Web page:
P

(P1,V1) T1

(P2,V2) T2

1

2

Isochore

Adiabat

4

(P4,V4) T4

Q 0

3

T3 T4

(P3,V3) T3

Isotherm

The trip from 1?2?3?4?1 is call a thermodynamic

cycle

V

Each part of the cycle is a process

All state changes can be broken down into the 4

basic processes

Thermodynamic Processes

Isobar, expansion at constant pressure, work is

done

P

1

2

Isochoric pressure change, W 0

Adiabatic expansion no heat, Q 0

4

3

Isothermal compression W Q, U is constant

The area enclosed by the cycle is the total work

done, W

The work done, W, in a cycle is if you travel

clockwise

V

Heat Engines and Refrigerators

Engines use a working fluid, often a gas, to

create motion and drive equipment the gas moves

from 1 state (P, V, n, T define a state) to

another in a cycle

The Stirling Cycle 2 isotherms 2 isochores

Stirling designed this engine in the early 18th

century simple and effective

The Stirling Engine

Isobaric expansion of a piston in a cylinder

The work done W Fd PAd P?V

The work done is the area under the process W

P?V

4 stroke engine

Isochoric expansion of a piston in a cylinder

The work done W 0 since there is no change in

volume

Thus ?U Q W Q

Adiabatic expansion of an ideal gas

The work done W 0 here because chamber B is

empty and P 0

Thus ?U Q W 0, that is adiabatic expansion

against no resistance does not change the

internal energy of a system

EXAMPLE

How much work is done by the system when the

system is taken from (a) A to B (900 J)(b)

B to C (0 J)(c) C to A (-1500 J)

Each rectangle on the graph represents 100 Pa-m³

100 J

(a) From A? B the area is 900 J, isobaric

expansion

(b) From B ? C, 0, isovolumetric change of

pressure

(c) From C? A the area is -1500 J

EXAMPLE

10 grams of steam at 100 C at constant pressure

rises to 110 C P 4 x 105 Pa ?T

10 C ?V 30.0 x 10-6 m3 c 2.01 J/g

What is the change in internal energy?

?U Q W

?U mc?T P?V

?U 189 J

So heating the steam produces a higher internal

energy and expansion

EXAMPLE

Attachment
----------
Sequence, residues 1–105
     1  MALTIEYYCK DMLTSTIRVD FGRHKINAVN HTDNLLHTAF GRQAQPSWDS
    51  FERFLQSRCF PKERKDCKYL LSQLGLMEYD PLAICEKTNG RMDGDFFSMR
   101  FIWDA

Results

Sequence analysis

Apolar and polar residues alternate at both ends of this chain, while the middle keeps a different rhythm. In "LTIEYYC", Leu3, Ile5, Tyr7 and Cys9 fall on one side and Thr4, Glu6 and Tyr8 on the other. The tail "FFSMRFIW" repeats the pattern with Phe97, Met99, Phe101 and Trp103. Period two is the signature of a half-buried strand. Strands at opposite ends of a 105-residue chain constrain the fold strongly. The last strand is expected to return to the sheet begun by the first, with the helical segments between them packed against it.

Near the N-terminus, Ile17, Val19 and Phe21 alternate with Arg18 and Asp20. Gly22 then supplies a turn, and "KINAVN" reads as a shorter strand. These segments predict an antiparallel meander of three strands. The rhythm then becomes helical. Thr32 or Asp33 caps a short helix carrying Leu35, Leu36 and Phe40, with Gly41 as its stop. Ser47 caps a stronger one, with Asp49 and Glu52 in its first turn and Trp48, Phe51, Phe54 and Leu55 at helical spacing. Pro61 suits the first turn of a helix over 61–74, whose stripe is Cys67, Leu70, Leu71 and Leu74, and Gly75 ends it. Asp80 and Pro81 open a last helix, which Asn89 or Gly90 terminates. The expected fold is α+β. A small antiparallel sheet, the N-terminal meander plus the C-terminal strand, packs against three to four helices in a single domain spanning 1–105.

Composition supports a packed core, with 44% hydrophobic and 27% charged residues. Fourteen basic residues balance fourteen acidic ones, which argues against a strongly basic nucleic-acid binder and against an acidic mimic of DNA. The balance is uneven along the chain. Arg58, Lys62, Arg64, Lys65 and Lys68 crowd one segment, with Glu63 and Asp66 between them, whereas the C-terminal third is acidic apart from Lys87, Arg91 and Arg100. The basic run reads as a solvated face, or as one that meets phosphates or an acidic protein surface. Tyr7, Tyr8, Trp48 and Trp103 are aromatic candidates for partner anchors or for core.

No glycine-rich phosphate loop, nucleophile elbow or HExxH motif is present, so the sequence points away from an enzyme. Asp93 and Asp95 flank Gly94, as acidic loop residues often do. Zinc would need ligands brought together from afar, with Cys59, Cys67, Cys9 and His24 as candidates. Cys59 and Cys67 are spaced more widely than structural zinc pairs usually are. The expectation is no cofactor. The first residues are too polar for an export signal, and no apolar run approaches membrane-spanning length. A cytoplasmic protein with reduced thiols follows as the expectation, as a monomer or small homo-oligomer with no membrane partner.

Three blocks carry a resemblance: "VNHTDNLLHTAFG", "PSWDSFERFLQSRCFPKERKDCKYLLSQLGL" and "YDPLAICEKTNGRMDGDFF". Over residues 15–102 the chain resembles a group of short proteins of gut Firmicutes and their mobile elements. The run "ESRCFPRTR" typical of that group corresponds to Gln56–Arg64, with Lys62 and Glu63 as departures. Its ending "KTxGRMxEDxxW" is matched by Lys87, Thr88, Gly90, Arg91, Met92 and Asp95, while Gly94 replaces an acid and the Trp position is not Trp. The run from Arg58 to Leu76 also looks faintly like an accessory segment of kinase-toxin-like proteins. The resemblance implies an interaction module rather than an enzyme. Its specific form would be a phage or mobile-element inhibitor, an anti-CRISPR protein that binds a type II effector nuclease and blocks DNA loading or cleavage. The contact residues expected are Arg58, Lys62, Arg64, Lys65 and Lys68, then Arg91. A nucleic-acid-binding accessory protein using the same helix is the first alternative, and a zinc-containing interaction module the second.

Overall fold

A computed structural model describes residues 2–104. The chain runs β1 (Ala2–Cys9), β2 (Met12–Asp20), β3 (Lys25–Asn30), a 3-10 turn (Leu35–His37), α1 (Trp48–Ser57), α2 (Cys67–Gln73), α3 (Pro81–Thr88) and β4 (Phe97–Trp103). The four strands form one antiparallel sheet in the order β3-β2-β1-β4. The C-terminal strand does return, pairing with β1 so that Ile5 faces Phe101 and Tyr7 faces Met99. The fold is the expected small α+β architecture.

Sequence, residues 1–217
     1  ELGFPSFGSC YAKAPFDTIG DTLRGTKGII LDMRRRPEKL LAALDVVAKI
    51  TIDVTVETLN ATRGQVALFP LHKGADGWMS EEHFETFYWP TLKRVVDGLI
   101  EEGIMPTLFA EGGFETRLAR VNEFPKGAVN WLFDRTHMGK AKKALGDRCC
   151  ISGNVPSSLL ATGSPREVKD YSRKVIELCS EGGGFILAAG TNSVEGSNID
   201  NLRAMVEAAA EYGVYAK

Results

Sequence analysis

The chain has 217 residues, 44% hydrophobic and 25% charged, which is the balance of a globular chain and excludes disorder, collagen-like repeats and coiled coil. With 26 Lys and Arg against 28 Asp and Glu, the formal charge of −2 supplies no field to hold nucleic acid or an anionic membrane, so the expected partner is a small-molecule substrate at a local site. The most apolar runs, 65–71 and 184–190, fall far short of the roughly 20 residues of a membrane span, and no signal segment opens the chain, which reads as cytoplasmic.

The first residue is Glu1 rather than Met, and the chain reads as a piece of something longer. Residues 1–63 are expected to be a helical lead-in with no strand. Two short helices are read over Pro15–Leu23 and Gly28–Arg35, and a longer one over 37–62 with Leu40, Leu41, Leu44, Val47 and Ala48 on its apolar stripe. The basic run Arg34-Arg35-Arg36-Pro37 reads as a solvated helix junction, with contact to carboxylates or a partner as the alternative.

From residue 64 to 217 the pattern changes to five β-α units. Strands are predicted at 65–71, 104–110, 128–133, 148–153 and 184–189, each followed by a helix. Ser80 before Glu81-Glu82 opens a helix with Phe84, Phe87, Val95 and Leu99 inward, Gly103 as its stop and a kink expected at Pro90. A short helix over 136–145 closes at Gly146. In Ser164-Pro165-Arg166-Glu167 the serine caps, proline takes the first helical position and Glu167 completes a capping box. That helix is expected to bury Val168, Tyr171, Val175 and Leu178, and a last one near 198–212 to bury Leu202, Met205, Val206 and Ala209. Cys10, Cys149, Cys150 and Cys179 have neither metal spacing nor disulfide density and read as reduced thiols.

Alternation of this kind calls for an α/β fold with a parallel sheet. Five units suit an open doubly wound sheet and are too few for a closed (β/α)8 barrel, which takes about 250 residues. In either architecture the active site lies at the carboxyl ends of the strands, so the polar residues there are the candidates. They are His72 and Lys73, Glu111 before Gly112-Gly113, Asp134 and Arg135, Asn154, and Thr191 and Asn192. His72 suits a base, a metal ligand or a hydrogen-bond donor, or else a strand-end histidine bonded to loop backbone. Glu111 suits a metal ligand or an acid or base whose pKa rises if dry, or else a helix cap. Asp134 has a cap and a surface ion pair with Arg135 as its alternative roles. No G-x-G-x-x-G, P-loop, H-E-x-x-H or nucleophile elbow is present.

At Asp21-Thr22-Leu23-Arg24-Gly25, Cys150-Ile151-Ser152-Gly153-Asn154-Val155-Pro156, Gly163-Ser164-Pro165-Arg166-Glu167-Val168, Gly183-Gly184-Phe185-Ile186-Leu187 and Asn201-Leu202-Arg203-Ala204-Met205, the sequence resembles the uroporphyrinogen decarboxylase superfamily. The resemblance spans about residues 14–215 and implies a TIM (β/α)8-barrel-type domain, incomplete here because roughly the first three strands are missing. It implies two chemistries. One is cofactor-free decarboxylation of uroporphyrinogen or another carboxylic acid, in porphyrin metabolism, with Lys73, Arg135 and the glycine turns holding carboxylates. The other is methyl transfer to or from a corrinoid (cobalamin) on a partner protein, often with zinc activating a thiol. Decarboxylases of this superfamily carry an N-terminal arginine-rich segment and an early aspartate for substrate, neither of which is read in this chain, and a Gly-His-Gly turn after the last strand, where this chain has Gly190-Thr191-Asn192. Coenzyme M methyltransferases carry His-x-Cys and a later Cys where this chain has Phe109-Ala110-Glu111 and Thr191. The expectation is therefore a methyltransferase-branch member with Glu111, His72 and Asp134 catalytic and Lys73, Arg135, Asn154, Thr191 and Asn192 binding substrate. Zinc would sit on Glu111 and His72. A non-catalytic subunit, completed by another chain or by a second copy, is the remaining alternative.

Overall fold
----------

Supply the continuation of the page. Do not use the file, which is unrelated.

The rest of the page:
Aluminum cube of side L is heated in a chamber at

atmospheric pressure. What is the change in

the cube's internal energy if L 10 cm and ?T

5 C?

Q mc?T m ?V0V0 L3W P?V?V ?V0?T

?U Q W

?U mc?T P?V

cAl 0.90 J/gC

?Al 72(10-6) C-1

?U ?V0c?T P?V0?T

Patm 101.5 kPa

?U V0?T (?c P?)

?Al 2.7 g/cm³

?U L³?T (?c P?)

?U 0.10³(5)((2700)(900) 101.5(10³)(72(10-6))

?U 12,150 J

NB P? is neglible

Find the work done for a cycle if P1 1000 kPa,

V1 0.01 m³, V2 0.025 m³, V3 V4 0.04 m³,

T1 400 K, T2 600K, n 2 mol

EXAMPLE

W Area enclosed

? (P2P3)?V23

P1?V12

? (P1P4)?V41

P

1, (P1,V1) T1

2, (P2,V2) T2

Isobar

Isotherm

3, (P3,V3) T3

Isotherm

Isochore

4, (P4,V4) T4

V

1. P2 P1 1000 kPa

W Area enclosed P1?V12 ?

(P2P3)?V23 ? (P1P4)?V41 (15 12.188

18.75)(10³) 8.44 kJ

2. T4 T1 400 K

3. T3 T2 600 K

4. P3 P2V2/V3 625 kPa

5. P4 P1V1/V4 250 kPa

Find the internal energy for each state if P1

1000 kPa, V1 0.01 m³, V2 0.025 m³, V3 V4

0.04 m³, T1 400 K, T2 600K, n 2 mol

EXAMPLE

1. P2 P1 1000 kPa

2. T4 T1 400 K

P

3. T3 T2 600 K

1, (P1,V1) T1

2, (P2,V2) T2

Isobar

4. P3 P2V2/V3 625 kPa

5. P4 P1V1/V4 250 kPa

Isotherm

3, (P3,V3) T3

Isotherm

Isochore

4, (P4,V4) T4

V

6. U1 ? nRT1 9972 J

7. U4 U1 9972 J

8. U2 ? nRT2 14958 J

9. U3 U2 14958 J

Find the thermal energy change Q for each state

if P1 1000 kPa, V1 0.01 m³, V2 0.025 m³,

V3 V4 0.04 m³, T1 400 K, T2 600K, n 2

mol

EXAMPLE

1. P2 P1 1000 kPa

Q12

2. T4 T1 400 K

P

3. T3 T2 600 K

1, (P1,V1) T1

2, (P2,V2) T2

Isobar

4. P3 P2V2/V3 625 kPa

5. P4 P1V1/V4 250 kPa

Q34

Q41

Isotherm

3, (P3,V3) T3

Q34

Isotherm

Isochore

4, (P4,V4) T4

V

10. Q12 ?U12 W12 34986 J

6. U1 ? nRT1 9972 J

11. Q23 W23 (?U23 0) W23 ? (P2P3)?V23

12.188 kJ

7. U4 U1 9972 J

12. Q34 ?U34 -4986 J

8. U2 ? nRT2 14958 J

13. Q41 W41 (U41 0) W41 ? (P4P1)?V41 -

18.75 kJ

9. U3 U2 14958 J

Heat Engines and Refrigerators

The Wankel Rotary engine is a powerful and simple

alternative to the piston engine used by Nissan

and invented by the German, Wankel in the 1920s

The Wankel Cycle 2 adiabats 2 isochores

The Wankel Engine